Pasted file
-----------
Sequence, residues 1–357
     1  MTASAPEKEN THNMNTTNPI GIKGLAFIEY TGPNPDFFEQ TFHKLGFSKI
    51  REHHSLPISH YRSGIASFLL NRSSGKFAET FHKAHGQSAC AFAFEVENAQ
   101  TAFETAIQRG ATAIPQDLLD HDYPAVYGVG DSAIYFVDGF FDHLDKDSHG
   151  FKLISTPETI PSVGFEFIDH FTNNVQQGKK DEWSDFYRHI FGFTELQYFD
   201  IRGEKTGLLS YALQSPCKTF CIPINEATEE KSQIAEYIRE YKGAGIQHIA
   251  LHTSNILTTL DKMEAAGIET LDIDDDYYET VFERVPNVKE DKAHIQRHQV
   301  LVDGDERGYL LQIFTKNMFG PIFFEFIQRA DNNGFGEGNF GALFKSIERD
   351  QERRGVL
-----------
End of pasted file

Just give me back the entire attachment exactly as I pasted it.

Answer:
Sequence, residues 1–357
     1  MTASAPEKEN THNMNTTNPI GIKGLAFIEY TGPNPDFFEQ TFHKLGFSKI
    51  REHHSLPISH YRSGIASFLL NRSSGKFAET FHKAHGQSAC AFAFEVENAQ
   101  TAFETAIQRG ATAIPQDLLD HDYPAVYGVG DSAIYFVDGF FDHLDKDSHG
   151  FKLISTPETI PSVGFEFIDH FTNNVQQGKK DEWSDFYRHI FGFTELQYFD
   201  IRGEKTGLLS YALQSPCKTF CIPINEATEE KSQIAEYIRE YKGAGIQHIA
   251  LHTSNILTTL DKMEAAGIET LDIDDDYYET VFERVPNVKE DKAHIQRHQV
   301  LVDGDERGYL LQIFTKNMFG PIFFEFIQRA DNNGFGEGNF GALFKSIERD
   351  QERRGVL